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Kmart offers financial services in pilot program

Customers can cash checks and pay bills at 10 stores in the Los Angeles area in a test program offering services that Wal-Mart has been providing at hundreds of locations for years.

January 14, 2011|By Becky Yerak

Twenty-three Kmart stores in the Los Angeles area and three other markets are testing financial centers where consumers can cash checks and pay bills. Kmart joins Wal-Mart in offering basic services to consumers who have little if any access to traditional banks.

"We're looking at how to better utilize the real estate in our stores and to better serve our customers," said Shannelle Armstrong, spokeswoman for Hoffman Estates, Ill.-based Sears Holdings Corp., which owns Kmart. Ten of the Kmart stores are in the Los Angeles area, seven in Illinois, five in Puerto Rico and one in Wisconsin.

Wal-Mart for years has housed similar money centers in hundreds of its stores.

Kmart's pilot financial centers are staffed by company employees, said Armstrong, who declined to provide other details.

Some estimates indicate that up to 10% of U.S. families don't have a checking or savings account. A 2009 Federal Deposit Insurance Corp. study said a substantial share of the U.S. population may be "underbanked," meaning that even though they might have a checking or savings account, they have used nonbank check-cashing services, payday loans, rent-to-own agreements or pawn shops at least once or twice a year.

Tom Feltner, vice president for Woodstock Institute, a Chicago-based nonprofit research group focused on fair-lending issues, said he wasn't surprised by Kmart's move but said consumers shouldn't become dependent on retailers for financial services over the long term.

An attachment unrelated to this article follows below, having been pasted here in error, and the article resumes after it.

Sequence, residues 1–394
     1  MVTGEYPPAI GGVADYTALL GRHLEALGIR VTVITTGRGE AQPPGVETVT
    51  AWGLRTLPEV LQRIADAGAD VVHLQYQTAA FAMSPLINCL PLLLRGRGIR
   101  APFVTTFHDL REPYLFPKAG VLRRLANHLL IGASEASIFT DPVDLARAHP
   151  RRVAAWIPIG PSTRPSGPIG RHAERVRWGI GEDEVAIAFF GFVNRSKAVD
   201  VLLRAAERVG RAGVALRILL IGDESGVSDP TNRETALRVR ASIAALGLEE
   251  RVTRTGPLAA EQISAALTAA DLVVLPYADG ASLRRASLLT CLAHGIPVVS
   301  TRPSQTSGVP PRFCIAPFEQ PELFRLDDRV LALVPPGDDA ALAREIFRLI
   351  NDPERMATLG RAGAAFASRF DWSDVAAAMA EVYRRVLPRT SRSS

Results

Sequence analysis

"Those services ideally should be provided in the context of a broader, lifelong relationship," Feltner said. "It is not enough to merely cash checks or conduct transactions; a banking relationship needs to include creating a good credit record, saving, borrowing responsibly and building assets."

Wal-Mart has money centers in about 40% of its nearly 3,000 Supercenters, according to a September article in trade magazine U.S. Banker. "We're adding money centers to many of our stores," Bill Simon, chief executive of Wal-Mart Stores Inc.'s U.S. operations, said. "That piece of business has been a rapid growth area for us."

Wal-Mart charges $3 to cash a check up to $1,000. Many check-cashing services charge $6 to $15. Bill payment fees are 88 cents for standard three-day delivery, and start at $3.95 for express payments, where notification occurs in 10 minutes.

The Kmart initiative, which also includes money transfers and money orders, is headed by Susan Ehrlich, president of Sears Financial Services. On Monday she was named to the Federal Reserve Board's consumer advisory council, which advises the board on its duties under the Consumer Credit Protection Act and on other matters related to consumer financial services.

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